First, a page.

Trial is currently scheduled to begin Oct. 2, although upcoming rulings may alter that schedule. Among other determinations, the trial will decide how much Trump will have to pay in penalties.

In his ruling Tuesday, Engoron said Trump inflated the value of his own Trump Tower residence between $114 million and $207 million -- including claiming the property was triple its actual size in square feet.

"A discrepancy of this order of magnitude, by a real estate developer sizing up his own living space of decades, can only be considered fraud," Engoron said in his order.

Engoron also found that Trump inflated the value of his Mar-a-Lago club by at least 2,300%, claiming the property assessed by the county between $18 million and $27.6 million was actually worth between $426,529,614 and $612,110,496.

In total, Engoron wrote that the New York attorney general "submitted conclusive evidence" that the defendants overvalued their assets between $812 million and $2.2 billion.

In his 35-page order, the judge described the conduct of the defendants in the case as belonging in a "fantasy world," and sharply criticized what he called the "bogus arguments" made by the defense.

"In defendants' world: rent regulated apartments are worth the same as unregulated apartments; restricted land is worth the same as unrestricted land; restrictions can evaporate into thin air; a disclaimer by one party casting responsibility on another party exonerates the other party's lies..." Engoron wrote, citing multiple arguments made by defense to justify the allegedly inflated valuations of Trump's assets. "That is a fantasy world, not the real world."

Engoron also appeared to use the words of former President Trump against him, citing a transcript from a deposition of Trump about the inclusion of so-called "worthless clauses," disclaimers included in financial statements which defense has argued insulate the defendants from liability.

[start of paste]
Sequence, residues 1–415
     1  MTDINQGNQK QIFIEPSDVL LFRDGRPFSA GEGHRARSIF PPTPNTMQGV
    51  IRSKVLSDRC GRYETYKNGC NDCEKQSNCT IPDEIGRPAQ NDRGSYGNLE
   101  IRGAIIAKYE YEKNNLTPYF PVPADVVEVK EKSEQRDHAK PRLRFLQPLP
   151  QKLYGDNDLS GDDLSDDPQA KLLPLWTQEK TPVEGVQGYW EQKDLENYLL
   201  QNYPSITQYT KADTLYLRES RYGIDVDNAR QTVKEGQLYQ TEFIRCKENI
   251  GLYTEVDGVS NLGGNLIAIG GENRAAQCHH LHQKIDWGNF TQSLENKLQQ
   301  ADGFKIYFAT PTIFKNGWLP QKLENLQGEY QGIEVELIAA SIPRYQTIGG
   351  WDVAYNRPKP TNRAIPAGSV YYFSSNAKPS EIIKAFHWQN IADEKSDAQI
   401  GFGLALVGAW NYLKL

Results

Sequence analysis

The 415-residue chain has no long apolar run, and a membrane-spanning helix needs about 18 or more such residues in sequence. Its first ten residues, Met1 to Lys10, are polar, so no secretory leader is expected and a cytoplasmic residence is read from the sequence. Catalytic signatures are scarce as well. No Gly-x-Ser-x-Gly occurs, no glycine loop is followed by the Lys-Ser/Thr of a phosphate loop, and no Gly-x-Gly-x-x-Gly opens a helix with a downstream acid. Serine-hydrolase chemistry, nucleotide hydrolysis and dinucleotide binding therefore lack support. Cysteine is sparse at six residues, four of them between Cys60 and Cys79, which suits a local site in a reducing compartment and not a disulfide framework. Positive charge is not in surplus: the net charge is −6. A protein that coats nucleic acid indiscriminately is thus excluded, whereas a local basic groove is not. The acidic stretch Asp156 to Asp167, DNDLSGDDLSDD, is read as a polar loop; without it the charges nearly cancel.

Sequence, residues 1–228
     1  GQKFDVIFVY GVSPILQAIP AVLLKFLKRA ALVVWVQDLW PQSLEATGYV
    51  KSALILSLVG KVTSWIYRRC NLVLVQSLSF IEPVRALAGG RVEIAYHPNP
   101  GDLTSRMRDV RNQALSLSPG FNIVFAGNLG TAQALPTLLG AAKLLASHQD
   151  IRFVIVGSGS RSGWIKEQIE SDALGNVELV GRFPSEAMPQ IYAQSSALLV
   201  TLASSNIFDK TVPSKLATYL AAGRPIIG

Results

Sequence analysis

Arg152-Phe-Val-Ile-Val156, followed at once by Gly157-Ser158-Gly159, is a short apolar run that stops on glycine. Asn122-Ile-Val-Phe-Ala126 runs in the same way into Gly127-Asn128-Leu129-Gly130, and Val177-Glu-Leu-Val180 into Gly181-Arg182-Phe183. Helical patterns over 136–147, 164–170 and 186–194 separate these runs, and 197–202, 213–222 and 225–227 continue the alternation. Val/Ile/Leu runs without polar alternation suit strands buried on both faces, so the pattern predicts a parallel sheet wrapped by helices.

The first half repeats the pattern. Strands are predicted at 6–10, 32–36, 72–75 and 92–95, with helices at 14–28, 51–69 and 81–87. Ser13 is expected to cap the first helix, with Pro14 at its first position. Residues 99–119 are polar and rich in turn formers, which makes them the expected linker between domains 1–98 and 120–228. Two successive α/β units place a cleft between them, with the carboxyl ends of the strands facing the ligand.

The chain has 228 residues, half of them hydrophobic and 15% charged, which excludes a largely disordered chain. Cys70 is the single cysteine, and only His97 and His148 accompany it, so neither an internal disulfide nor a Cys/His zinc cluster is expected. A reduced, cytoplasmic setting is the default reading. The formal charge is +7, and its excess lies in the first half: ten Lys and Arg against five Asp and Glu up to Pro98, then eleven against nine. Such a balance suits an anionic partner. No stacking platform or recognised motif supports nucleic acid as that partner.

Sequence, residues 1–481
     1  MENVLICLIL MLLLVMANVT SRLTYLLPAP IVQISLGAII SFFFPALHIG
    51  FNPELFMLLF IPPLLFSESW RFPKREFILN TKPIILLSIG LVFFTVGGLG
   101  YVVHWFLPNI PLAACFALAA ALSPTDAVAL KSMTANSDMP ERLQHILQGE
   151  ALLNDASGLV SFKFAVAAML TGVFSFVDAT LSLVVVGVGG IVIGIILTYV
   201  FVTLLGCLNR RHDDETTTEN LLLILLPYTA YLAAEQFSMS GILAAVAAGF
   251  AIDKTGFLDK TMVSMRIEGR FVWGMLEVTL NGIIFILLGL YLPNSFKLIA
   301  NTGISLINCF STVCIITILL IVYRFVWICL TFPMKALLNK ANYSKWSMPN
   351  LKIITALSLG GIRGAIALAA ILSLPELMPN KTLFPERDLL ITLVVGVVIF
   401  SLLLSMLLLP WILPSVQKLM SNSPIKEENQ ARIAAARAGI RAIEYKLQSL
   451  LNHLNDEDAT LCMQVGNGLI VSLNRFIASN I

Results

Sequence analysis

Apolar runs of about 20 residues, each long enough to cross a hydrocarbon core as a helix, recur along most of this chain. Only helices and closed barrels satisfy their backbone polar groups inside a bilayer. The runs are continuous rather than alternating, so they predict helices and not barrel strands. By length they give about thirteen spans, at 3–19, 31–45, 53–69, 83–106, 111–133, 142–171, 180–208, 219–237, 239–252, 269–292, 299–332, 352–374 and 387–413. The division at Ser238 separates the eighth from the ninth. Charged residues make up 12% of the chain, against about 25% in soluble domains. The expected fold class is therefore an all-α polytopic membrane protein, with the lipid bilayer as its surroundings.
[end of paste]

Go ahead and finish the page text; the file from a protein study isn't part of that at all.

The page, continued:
"However, defendants' reliance on these 'worthless' disclaimers is worthless," Engoron wrote, rejecting a frequent argument cited by the defense.

Engoron similarly disagreed with the defense's argument that property values were "subjective" and therefore could not be fraudulent.

"The defenses Donald Trump attempts to articulate in his sworn deposition are wholly without basis in law or fact," Engoron wrote, saying that the documents presented to the court "clearly contain fraudulent valuations that defendants used in business."

Engoron also sanctioned Donald Trump's lawyers for peddling "bogus arguments," ordering five attorneys to pay $7,500 each. Christopher Kise, Michael Madaio, Clifford S. Robert, Michael Farina and Armen Morian were each ordered to pay within 30 days.

A lawyer for the New York attorney general's office had earlier described "staggering" misrepresentations about the value of Trump's properties and assets, arguing that Trump engaged in a prolonged "bait-and-switch" to lower his tax burden while inflating his assets to obtain favorable loan terms.

ABC News' Olivia Rubin and Lalee Ibssa contributed to this report.